How Does a Baby's Stomach Grow?

Your baby's stomach grows by leaps and bounds during the first days of life. Learn how it happens so that you can verify that your breastfeeding is sufficient.
How Does a Baby's Stomach Grow?

Last update: 27 October, 2021

Consultations about the growth of a baby’s stomach are very frequent during a child’s first medical check-ups. This aspect of newborn health is related to questions about breastfeeding: Is the milk I produce enough? Is my baby hungry? How much milk do I have to offer you? If you’re the mother of a small baby, this article may interest you. Keep reading!

A baby’s stomach

The stomach is a hollow organ that makes up part of the digestive tract. It not only fulfills the function of temporarily housing food but is also responsible for the digestion and absorption of essential nutrients.

For more than a century, researchers have studied newborn babies in order to determine the size of their stomachs and thus estimate the amount of milk they can tolerate in one feeding.

Representative models of a baby’s stomach

Based on the research data, different representative models of the growth of the baby’s stomach have been created. These reflect the changes in the different stages of the first month of life.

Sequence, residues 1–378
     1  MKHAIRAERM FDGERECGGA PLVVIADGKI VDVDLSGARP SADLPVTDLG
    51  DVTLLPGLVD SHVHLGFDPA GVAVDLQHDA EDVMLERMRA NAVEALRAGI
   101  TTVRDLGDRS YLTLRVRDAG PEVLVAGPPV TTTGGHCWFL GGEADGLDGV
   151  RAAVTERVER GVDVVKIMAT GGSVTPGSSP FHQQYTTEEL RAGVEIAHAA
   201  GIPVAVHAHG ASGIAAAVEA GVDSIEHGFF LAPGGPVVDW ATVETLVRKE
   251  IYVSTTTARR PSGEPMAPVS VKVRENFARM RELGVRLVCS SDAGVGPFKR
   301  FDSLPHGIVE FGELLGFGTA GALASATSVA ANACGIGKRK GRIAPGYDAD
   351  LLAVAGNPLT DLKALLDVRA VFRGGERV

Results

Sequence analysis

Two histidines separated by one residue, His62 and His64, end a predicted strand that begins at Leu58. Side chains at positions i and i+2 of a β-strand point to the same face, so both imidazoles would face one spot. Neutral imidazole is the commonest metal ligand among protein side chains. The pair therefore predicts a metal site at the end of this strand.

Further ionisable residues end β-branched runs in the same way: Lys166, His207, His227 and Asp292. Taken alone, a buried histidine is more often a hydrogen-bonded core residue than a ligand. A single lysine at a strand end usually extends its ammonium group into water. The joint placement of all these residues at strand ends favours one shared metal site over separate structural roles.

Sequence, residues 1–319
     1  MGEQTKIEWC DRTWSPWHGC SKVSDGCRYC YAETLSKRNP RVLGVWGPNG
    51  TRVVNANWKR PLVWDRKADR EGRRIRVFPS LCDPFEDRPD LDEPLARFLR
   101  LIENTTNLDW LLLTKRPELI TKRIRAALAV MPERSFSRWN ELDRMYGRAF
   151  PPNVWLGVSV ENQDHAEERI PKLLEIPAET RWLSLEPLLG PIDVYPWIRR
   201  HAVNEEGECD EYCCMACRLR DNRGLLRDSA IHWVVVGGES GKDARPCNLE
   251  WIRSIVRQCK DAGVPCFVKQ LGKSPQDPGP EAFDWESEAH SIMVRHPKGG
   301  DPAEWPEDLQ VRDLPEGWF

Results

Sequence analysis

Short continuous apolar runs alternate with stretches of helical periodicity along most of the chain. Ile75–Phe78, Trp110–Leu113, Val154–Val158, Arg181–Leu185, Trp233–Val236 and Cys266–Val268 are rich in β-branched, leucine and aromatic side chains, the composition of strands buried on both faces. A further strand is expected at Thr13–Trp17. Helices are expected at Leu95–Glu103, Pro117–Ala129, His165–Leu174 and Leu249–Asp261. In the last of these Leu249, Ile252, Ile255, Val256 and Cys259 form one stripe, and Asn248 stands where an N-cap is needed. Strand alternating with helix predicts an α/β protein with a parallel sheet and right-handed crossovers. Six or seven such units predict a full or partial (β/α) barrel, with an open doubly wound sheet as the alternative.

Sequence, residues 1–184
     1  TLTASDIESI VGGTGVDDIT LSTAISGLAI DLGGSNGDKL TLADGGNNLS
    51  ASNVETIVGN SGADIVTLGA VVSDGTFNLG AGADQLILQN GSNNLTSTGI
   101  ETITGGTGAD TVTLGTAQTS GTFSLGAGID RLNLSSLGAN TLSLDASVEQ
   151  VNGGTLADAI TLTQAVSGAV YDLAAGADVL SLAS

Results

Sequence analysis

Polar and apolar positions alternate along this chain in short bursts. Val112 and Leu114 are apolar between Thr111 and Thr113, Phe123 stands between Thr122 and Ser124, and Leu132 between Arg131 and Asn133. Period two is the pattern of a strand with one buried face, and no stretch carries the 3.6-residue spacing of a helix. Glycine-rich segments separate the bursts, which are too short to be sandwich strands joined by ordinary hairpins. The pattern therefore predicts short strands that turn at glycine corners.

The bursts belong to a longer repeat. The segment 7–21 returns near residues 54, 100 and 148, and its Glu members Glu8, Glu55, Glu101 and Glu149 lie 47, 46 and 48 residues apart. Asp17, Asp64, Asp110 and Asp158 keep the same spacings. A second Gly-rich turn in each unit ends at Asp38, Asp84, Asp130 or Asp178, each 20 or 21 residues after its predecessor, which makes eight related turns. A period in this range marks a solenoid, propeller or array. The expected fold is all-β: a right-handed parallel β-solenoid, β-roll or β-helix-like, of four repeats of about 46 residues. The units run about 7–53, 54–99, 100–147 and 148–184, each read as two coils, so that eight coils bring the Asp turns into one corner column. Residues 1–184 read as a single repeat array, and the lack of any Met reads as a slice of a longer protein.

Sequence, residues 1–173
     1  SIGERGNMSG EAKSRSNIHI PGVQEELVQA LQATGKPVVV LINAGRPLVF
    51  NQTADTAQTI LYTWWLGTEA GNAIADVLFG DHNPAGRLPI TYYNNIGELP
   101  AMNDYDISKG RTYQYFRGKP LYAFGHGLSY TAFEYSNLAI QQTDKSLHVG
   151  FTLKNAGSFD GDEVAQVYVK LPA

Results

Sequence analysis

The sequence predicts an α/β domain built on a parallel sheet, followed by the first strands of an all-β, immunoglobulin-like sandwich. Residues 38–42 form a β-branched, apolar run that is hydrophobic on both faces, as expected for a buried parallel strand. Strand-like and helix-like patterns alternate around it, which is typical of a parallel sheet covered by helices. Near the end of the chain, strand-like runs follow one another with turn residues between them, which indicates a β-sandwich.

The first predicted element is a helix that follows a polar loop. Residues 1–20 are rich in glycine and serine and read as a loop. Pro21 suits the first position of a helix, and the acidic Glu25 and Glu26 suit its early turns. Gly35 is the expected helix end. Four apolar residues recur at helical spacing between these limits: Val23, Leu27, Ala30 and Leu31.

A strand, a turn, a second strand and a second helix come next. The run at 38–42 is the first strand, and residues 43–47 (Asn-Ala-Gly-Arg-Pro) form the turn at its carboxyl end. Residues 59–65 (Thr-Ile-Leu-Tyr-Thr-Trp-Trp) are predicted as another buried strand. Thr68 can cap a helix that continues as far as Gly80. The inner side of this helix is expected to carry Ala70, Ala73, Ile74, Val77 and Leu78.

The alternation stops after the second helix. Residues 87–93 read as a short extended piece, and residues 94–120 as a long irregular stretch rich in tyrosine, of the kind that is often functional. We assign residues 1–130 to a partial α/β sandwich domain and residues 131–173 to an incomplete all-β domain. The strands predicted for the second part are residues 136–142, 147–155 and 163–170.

The objective of these models is to facilitate visual representation, as part of an educational strategy for families. The most common is called “Belly balls”. Both its original version and its modifications are available on the internet.

In any case, these models shouldn’t be taken at face value when indicating the amount of milk you should give your baby.

On the one hand, because anatomical or structural capacity is a static measure, which could be applied to rigid containers (such as the shell of an egg), but not to a compliant organ such as the stomach.

Based on this point, it’s more appropriate to focus on the stomach’s physiological (or functional) capacity. This refers to the volume that said organ can tolerate after stretching its walls, without causing discomfort or pain (Scammon, 1920).

On the other hand, the most recent research has shown that the size of the stomach at birth is related to the gestational age and birth weight of the child. Therefore, this measure varies according to each case.

A baby holding a bottle.

The evolution of the baby’s stomach growth